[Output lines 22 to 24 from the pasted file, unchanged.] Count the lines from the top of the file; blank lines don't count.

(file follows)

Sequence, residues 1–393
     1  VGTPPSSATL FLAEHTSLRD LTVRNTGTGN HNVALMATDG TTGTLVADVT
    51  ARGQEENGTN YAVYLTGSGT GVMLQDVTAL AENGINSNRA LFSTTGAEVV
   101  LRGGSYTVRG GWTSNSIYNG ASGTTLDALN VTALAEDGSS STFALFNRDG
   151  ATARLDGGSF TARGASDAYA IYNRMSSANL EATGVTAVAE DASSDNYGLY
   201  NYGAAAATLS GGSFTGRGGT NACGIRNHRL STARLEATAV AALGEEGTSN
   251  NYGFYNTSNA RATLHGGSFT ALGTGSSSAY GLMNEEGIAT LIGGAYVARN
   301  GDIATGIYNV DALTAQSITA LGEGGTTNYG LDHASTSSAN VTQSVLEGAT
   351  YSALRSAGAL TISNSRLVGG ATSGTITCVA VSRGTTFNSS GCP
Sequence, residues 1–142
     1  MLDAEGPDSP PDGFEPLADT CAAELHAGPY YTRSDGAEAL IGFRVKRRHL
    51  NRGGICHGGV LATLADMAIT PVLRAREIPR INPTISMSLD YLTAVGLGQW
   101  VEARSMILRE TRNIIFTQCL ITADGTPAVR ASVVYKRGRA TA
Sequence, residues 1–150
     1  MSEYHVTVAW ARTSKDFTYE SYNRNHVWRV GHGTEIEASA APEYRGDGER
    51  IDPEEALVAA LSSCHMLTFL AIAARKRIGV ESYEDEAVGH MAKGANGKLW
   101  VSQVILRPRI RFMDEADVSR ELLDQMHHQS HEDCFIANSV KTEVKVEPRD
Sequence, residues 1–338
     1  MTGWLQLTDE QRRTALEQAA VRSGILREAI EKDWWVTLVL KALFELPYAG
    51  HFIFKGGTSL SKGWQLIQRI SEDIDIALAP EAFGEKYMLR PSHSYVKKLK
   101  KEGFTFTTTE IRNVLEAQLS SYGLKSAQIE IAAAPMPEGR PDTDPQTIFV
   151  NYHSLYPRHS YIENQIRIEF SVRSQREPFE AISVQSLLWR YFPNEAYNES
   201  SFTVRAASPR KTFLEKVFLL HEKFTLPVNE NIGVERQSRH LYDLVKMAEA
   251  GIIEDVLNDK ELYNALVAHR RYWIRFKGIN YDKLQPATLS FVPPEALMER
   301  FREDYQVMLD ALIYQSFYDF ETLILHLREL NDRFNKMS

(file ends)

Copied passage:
   151  NYHSLYPRHS YIENQIRIEF SVRSQREPFE AISVQSLLWR YFPNEAYNES
   201  SFTVRAASPR KTFLEKVFLL HEKFTLPVNE NIGVERQSRH LYDLVKMAEA
   251  GIIEDVLNDK ELYNALVAHR RYWIRFKGIN YDKLQPATLS FVPPEALMER